The Wedding Planner
2001, PG-13, 102 min. Directed by Adam Shankman. Starring Matthew McConaughey, Jennifer Lopez, Bridgette Wilson-Sampras, Justin Chambers, Judy Greer, Alex Rocco, Kevin Pollak, Kathy Najimy.
REVIEWED By Kimberley Jones, Fri., Jan. 26, 2001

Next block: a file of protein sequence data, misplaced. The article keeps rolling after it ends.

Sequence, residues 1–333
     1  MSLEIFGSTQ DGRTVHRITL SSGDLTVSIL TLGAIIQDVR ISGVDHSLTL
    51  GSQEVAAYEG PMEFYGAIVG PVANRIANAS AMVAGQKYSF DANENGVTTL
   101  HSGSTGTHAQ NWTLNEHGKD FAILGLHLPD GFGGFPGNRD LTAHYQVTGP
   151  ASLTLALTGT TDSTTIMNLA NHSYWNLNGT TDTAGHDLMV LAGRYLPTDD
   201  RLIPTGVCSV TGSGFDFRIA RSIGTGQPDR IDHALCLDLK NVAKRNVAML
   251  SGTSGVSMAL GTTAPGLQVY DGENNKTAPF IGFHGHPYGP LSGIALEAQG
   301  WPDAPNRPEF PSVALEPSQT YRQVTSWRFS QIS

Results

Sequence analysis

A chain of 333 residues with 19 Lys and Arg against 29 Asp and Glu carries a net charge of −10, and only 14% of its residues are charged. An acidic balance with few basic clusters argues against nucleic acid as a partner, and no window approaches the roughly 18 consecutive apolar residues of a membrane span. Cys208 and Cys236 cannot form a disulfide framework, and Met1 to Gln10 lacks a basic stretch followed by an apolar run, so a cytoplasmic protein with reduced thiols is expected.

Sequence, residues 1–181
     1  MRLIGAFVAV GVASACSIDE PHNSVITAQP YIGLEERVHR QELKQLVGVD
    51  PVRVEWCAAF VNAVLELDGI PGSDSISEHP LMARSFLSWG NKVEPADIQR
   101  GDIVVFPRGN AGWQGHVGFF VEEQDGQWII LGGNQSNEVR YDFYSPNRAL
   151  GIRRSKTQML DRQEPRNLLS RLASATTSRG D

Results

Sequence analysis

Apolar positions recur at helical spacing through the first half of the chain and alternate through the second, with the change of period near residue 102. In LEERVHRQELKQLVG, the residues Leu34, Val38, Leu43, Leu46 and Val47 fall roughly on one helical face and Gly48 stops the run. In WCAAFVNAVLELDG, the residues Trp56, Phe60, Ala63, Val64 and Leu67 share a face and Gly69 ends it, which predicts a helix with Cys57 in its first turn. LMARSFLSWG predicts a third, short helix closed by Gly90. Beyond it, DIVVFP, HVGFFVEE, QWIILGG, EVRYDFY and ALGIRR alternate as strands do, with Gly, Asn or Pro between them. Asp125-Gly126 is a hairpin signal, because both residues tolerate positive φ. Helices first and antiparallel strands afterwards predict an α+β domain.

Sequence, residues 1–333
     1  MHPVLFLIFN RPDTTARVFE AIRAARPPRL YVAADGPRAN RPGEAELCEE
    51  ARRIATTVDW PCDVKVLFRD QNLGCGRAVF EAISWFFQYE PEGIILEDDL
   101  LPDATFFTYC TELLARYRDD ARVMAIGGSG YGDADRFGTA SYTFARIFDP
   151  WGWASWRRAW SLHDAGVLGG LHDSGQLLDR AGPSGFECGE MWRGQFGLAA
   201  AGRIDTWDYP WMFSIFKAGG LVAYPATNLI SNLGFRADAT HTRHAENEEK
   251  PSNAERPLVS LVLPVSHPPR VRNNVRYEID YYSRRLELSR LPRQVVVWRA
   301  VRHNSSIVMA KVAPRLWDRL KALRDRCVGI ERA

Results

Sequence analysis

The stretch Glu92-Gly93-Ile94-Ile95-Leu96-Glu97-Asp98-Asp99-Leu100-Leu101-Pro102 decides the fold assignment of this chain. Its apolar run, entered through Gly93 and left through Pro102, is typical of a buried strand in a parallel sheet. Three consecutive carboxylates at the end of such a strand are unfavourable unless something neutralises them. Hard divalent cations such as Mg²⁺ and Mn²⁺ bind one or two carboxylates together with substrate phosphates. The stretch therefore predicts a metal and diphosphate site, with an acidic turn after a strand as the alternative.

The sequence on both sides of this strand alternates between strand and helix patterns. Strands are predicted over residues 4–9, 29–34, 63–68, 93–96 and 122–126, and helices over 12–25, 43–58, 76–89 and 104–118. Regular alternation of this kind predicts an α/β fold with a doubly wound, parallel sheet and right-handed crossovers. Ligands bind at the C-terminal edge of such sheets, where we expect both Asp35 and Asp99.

As the lovelorn wedding planner Maria (Lopez) puts it, those who can't wed, plan. And those who can't produce smart, sexy material in keeping with the smart, sexy likes of Lopez and co-star/hometown boy Matthew McConaughey, churn out crap like this. The plodding -- um, plotting -- of Adam Shankman's new film involves a chance meeting between Maria and McConaughey's Steve. Both go a little gooey for the other (shocker), but those heart stirrings are stifled by a surprise revelation: Steve is actually the fiancé of Mary's prized new client, the nouveau riche Fran (a snappy, snippy Wilson-Sampras, in one of the few genuinely funny performances here). Both Mary and Steve must suffer tremendously, pretending like they don't already know the other is their cosmically deigned lovebunny, and the audience must suffer the displeasure of squirming through yet another trite, predictable, unfunny, and unmoving “romantic-comedy.” The elements are certainly here for a likable picture, but the characters are sketched badly. Some of them are downright clownish (Mary's hyperactive-poodle personal assistant, a scooter-riding Italian with stars in his eyes); other roles are bogged down by distracting cameos (Pollak, Najimy).There are some nice touches -- a shy dance in Golden Gate Park, an opening sequence that wordlessly chronicles Mary's solitary, neat-freak existence as she fastidiously arranges cloth napkins and frozen dinners in front of the TV. But touches like this are hampered by an uninspired camera and a third-rate, easy-listening soundtrack. Writers Pamela Falk and Michael Ellis toss out contrived subplots like moldy rice to choke on: a made-to-order Italian bridegroom, the convenient reappearance of an ex-fiancé, a litany of tired sob stories that we've all heard before. And I swear to God, if I see one more motley assortment of wise-cracking old geezers (Return to Me, Mickey Blue Eyes, The Crew), I'm gonna lose it in my leak-control adult undergarments. The biggest disappointment of The Wedding Planner? The mistreatement of its two stars. Lopez and McConaughey have both shown enormous charisma (she was a smooth-talking stunner in Out of Sight, while he casually seduces in just about every endeavor, egging you to lay back and luxuriate in that slow, sexy drawl). But the blandness of The Wedding Planner burlap-sacks their appeal in an altogether dowdy outing for two stars who deserve much snazzier threads. Pray for cold feet the next time a script like this lands in their lap.